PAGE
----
Sunday, October 28, 2012

enlightenment (according to lax)

Robert Lax, Photo by Hartmut Geerken
to be "enlightened" is not to shine; nor to bring multitudes to the hill where one sits cross-legged, to listen.

it is rather to know what one is doing (& even, perhaps, to enjoy it.)

- robert lax, from "love had a compass, journals and poetry", page 209

10 comments:

  1. To know what one is doing? That's a pretty tall order, Beth..
    Enjoying it, I find a little easier!

    ReplyDelete
    Replies
    1. maybe Lax is insinuating "mere presence" in his directive to know what one is doing. paying attention.

      Delete
  2. PS: I heartily commend Richard Beck's latest post.

    ReplyDelete
    Replies
    1. Love these last lines from that post:

      Stringfellow describes these sacramental ethics of grace as "the witness of mere presence."

      [T]he Christian (the Church) must simply be in the world, sharing in and caring eloquently and honestly for the life of the ordinary world--or the life of any person--just as it is.

      This witness points to a freedom from our slavery to the fear of death, a freedom observed in our ability to overcome self-interest in loving others:

      Whoever the outcast is in given circumstances, the Christian is free enough from his own self-interest, from the necessities of preserving his own life, to intercede for another and to take up the other's self-interest as over against the rest of the world.

      Delete
  3. 2cents ______________________

    Without economic value !
    you can see them on street corners
    asking for money and on rainy days
    under the eves of buildings
    sometimes drinking wine -

    Blessings ____________________

    ReplyDelete
    Replies
    1. A few weeks ago I came across a man sleeping in a mostly deserted shopping center on a Sunday afternoon. He looked so very thin and was barely moving so I wondered if he was still alive. I could see the bottle, still in a paper bag, next to him. I was moved to DO something for him, but knew that waking him up wouldn't help anything. I walked on, feeling somewhat guilty (for what?), but also like I had come close to something very holy, real, vulnerable. I don't know what else to say about it ... there are no words, really.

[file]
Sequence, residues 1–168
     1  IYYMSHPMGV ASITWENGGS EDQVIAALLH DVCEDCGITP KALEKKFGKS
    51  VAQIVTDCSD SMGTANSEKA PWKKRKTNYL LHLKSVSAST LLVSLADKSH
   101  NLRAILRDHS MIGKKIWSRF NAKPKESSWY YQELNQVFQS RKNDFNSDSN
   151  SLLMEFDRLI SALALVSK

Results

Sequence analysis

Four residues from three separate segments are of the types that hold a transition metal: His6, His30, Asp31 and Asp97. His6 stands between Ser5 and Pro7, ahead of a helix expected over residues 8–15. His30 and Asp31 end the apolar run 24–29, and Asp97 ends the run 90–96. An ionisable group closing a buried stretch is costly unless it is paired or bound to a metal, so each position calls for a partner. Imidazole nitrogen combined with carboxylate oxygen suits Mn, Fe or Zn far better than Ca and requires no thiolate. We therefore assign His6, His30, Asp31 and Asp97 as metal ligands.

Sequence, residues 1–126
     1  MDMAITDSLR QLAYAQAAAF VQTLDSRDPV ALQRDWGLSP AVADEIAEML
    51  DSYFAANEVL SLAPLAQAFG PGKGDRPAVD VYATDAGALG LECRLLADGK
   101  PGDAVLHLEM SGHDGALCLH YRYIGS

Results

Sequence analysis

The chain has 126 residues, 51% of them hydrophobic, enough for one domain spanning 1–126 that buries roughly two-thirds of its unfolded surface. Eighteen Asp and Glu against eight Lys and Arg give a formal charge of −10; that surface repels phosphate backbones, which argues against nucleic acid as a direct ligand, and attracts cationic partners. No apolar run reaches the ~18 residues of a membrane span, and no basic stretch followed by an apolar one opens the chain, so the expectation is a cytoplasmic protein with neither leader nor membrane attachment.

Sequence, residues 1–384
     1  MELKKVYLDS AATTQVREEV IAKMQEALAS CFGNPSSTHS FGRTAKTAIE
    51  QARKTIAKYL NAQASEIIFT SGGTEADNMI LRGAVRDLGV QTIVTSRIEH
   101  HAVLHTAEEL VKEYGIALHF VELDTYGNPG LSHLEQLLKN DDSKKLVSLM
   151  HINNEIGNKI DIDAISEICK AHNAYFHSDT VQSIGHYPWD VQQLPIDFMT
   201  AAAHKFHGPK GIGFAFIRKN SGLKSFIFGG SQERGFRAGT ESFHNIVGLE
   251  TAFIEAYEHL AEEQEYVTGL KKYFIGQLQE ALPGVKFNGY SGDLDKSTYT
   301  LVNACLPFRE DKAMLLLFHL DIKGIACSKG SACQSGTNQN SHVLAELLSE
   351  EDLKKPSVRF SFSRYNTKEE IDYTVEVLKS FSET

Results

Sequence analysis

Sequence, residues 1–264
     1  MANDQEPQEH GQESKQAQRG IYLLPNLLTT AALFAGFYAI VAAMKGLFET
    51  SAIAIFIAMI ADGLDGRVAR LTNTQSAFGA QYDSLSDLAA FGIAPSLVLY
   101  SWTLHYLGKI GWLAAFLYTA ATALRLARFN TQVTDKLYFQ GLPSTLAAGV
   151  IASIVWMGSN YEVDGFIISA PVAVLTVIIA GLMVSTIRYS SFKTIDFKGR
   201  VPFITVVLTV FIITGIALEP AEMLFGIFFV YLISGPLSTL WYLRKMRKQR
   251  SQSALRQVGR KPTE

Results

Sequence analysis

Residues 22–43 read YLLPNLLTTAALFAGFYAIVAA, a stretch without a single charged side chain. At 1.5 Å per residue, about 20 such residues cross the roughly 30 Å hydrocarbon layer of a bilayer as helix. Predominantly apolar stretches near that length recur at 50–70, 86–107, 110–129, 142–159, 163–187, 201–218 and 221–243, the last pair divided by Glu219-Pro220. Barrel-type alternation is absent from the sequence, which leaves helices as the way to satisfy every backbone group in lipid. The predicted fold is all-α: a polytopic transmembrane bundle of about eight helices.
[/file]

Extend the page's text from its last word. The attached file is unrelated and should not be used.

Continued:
Delete
  4. greetings Beth ------------------------------------

    the little ones are there own message !
    "wisdom is found in the market place
    its name is proclaimed from every crossroad " OT

    blessings _______________________________________

    ReplyDelete
    Replies
    1. you're right, bob - the little ones are their own message. no need to explain or analyze. more important to see, to acknowledge without judgement.

      Delete
  5. I keep this Stringfellow quote close at hand to remind myself about relating to others :
    "Listening is a rare happening among human beings. You cannot listen to the word another is speaking if you are preoccupied with your appearance, or with impressing the other, or are trying to decide what you are going to say when the other stops talking, or are debating about whether what is being said is true or relevant or agreeable. Such matters have their place, but only after listening to the word as the word is being uttered. Listening is a primitive act of love in which a person gives himself to another's word, making himself accessible and vulnerable to that word."

    I just realized - I frequently say to myself at work "what am i doing here?"

    ReplyDelete
    Replies
    1. thanks, tommy. it comes down to being quiet, doesn't it?

      I think Stringfellow hits the nail on the head when he says that listening is about making oneself "vulnerable" to the other. There's a really soft place in ourselves that we want to protect at all costs. When you open yourself to another's words, you expose that place. Most of us have probably been hurt deeply there at least once in our lives.

      Delete